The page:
Introduced over 100 years ago, the electric car isn’t a new invention, but it wasn’t always the popular choice. But now, with advancements in battery technology, unpredictable gasoline prices and a focus on environmental benefits, the electric vehicle is gaining popularity. According to Navigant Research, global electric vehicle sales are expected to generate $9.3 billion in revenue in 2017 and more than double to $23.9 billion by 2026.
Still, the availability of charging stations and accessibility to vehicles is one barrier to mass adoption of electric transportation. The U.S. Department of Energy’s website estimates there are only about 15,800 electric charging stations verses over 115,000 gasoline stations in the U.S.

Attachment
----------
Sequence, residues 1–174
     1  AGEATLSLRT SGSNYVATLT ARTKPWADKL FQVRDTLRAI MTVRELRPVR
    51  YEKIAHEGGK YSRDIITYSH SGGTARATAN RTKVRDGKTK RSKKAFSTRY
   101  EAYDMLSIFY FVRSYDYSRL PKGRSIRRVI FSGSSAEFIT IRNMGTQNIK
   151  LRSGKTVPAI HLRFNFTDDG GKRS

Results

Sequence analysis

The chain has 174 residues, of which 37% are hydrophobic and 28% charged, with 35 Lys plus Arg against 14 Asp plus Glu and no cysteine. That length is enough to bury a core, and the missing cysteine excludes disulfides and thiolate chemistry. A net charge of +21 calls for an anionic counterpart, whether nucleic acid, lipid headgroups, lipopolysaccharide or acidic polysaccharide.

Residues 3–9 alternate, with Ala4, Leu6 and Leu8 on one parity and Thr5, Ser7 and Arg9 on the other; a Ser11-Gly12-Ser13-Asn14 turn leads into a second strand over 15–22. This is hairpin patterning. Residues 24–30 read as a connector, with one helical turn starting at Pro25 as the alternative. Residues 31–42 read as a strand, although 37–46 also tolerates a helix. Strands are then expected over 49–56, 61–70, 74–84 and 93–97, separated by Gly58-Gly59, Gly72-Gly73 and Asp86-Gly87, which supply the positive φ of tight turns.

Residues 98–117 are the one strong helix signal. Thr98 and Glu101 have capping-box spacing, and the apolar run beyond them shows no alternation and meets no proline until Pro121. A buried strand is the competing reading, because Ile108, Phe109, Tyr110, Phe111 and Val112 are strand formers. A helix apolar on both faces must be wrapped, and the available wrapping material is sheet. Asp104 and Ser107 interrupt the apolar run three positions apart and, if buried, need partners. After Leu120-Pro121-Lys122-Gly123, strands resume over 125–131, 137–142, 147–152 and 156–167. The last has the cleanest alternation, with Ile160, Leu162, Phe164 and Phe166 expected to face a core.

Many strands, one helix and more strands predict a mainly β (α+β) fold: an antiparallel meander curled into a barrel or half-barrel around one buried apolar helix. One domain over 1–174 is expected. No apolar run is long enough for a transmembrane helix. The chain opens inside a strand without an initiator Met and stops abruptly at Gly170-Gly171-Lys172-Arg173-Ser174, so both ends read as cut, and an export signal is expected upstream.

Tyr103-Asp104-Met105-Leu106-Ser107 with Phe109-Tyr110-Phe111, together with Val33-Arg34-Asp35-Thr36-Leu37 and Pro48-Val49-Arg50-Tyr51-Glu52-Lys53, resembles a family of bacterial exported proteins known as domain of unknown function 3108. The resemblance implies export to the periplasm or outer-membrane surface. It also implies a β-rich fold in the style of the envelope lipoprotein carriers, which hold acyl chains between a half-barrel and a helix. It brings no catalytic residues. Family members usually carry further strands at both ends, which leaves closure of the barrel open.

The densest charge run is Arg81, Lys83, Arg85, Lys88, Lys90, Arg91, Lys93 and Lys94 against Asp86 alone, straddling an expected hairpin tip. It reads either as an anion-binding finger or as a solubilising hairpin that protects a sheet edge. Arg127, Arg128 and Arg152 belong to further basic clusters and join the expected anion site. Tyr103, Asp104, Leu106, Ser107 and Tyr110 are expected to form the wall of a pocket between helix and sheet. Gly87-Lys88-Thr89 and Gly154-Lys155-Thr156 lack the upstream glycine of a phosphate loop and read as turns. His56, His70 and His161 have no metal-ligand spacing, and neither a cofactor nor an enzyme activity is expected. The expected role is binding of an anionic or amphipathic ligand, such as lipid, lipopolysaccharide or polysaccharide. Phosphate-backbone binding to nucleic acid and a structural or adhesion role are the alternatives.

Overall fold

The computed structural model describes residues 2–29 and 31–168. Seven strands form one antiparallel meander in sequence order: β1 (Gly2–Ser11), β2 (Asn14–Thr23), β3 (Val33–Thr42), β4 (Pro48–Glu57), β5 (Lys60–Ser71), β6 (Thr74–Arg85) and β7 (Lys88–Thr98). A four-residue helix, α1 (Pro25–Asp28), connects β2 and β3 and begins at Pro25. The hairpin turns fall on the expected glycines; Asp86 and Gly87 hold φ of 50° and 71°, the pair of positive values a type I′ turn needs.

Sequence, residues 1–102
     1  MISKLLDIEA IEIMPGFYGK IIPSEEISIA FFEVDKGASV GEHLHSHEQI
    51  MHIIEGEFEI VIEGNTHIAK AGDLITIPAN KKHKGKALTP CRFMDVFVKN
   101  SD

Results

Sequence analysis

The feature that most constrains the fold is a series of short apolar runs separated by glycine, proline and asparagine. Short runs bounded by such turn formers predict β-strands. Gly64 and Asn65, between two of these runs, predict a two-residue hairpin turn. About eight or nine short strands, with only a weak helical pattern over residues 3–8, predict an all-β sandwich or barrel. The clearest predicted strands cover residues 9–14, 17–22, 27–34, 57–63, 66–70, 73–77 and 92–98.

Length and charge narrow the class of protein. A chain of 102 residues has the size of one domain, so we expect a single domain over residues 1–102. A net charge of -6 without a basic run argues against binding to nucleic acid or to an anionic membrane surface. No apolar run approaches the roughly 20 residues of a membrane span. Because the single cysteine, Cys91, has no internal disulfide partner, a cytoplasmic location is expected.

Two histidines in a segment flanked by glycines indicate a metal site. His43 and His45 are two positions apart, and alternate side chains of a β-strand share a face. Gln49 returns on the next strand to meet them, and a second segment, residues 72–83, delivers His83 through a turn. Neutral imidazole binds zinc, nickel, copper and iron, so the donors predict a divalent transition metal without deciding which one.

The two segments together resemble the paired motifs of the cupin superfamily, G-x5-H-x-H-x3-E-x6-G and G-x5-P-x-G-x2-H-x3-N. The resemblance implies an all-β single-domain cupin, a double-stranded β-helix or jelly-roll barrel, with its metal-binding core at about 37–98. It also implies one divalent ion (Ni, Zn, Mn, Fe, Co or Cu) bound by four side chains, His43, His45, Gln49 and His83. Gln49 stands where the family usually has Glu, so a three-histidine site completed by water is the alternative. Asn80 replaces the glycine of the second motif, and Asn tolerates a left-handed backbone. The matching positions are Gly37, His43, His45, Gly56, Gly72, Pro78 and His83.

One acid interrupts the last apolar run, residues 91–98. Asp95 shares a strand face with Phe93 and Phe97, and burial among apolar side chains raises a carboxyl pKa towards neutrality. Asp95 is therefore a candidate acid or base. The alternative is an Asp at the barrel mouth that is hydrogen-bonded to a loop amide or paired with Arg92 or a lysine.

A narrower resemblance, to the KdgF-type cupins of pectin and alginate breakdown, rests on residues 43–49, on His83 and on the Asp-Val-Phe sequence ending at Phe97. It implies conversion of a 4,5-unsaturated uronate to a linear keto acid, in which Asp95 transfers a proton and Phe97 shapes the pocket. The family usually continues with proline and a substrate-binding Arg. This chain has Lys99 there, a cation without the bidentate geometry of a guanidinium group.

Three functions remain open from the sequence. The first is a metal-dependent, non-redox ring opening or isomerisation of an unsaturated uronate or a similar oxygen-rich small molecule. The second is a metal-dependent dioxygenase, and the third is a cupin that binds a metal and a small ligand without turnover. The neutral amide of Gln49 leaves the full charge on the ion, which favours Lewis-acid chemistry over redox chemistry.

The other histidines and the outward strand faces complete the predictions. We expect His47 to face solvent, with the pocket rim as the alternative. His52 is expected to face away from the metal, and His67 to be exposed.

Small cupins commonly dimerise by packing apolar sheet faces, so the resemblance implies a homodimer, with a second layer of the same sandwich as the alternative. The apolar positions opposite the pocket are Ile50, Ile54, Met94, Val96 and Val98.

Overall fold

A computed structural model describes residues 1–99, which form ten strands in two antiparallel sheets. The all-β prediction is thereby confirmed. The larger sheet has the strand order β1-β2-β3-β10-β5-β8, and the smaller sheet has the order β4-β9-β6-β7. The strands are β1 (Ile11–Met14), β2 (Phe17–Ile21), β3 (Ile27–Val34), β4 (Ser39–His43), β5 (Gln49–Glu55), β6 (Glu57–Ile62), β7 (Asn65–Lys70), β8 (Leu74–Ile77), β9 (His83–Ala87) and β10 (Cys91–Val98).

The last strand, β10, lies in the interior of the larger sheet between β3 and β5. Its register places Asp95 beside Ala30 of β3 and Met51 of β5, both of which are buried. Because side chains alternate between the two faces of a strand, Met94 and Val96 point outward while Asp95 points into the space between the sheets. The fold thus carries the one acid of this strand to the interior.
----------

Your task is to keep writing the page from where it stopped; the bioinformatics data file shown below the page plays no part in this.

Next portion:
“We’ve eliminated the excuses and fixed the chicken or egg problem by providing both—the electric vehicle and the charging station,” says Brent Matthews, Director of Parking for CARTA. “We [Chattanooga] are the first medium-sized city to offer electric car share and provide our community an affordable zero-emission transportation solution,” says Matthews.
With a click on the GreenCommuter app, you can rent an electric vehicle in Chattanooga for as low as $32 a day or $4 per hour through GreenCommuter EV Car Share, powered by EPB.
“Living and working downtown, I can take full advantage of the city’s multi-modal transportation—walking, biking, CARTA’s Electric Shuttle, and now the Green Commuter Car share program,” says Zach Cooper, GreenCommuter’s top renter. “Even if they live outside of the downtown area, I think many people could realize the economic benefit of the Green Commuter program, not to mention the environmental benefit.”
According to the 2016 AAA study, owning and operating an average sedan costs $8,558 per year, which is equal to $713 per month or 57¢ per mile. If these numbers shock you, then consider that they represent a six-year low and a 1.6% drop compared to 2015—mainly because gasoline prices have fallen significantly.